In the layers dating to between ~48,000 to 25,000 years ago, carved bone, carved tusk, a decorated bone tube, a small bone point, and modified pieces of ochre were found. Though indicative of behavioral complexity and symbolism, their intermittent appearance in the cave sequence argues against a model for a behavioral or cognitive revolution at any specific point in time.

Project Principal Investigator and Director of the Department of Archaeology at the Max Planck Institute for the Science of Human History Dr. Nicole Boivin states, “The East African coastal hinterland and its forests and have been long considered to be marginal to human evolution so the discovery of Panga ya Saidi cave will certainly change archaeologists’ views and perceptions.”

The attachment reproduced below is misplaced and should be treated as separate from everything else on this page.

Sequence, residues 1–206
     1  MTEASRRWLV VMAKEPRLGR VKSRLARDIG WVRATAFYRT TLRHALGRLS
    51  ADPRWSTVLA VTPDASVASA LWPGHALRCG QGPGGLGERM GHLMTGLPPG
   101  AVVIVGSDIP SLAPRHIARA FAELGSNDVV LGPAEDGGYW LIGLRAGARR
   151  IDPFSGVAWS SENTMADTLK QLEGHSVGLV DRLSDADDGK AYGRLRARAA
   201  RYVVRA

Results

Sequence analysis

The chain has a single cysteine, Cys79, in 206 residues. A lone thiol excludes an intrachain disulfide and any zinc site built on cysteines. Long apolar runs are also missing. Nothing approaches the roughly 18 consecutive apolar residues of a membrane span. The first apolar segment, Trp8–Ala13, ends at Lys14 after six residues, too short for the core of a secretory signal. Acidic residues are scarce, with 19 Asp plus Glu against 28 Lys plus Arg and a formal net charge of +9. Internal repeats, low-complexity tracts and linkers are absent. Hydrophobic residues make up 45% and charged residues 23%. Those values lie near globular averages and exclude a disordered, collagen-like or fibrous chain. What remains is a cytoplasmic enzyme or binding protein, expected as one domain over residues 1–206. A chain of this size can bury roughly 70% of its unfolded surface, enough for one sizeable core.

Group Leader of the Stable Isotopes Lab Dr. Patrick Roberts adds, “Occupation in a tropical forest-grassland environment adds to our knowledge that our species lived in a variety of habitats in Africa.”

“The finds at Panga ya Saidi undermine hypotheses about the use of coasts as a kind of ‘superhighway’ that channeled migrating humans out of Africa, and around the Indian Ocean rim,” observes Professor Michael Petraglia.

1.5-Million-Year-Old Footprints Reveal Human Ancestor Walked Like Us

1.5-Million-Year-Old Footprints Reveal Human Ancestor Walked Like Us

Homo erectus last walked through the Earth for thousands of years, but our fossil ancestors likely had a few behaviours in common with humans today.

In a new study, researchers have examined a set of 1.5-million-year-old footprints discovered in Kenya, revealing new insight on how they moved and interacted.

The international team discovered that Homo erectus was able to go along in the same manner as modern humans and had human-like social behaviour, using innovative analytical techniques.

This 1.5-million-year-old footprint suggests that Homo erectus, an early human ancestor, had feet that were very similar to those of modern humans.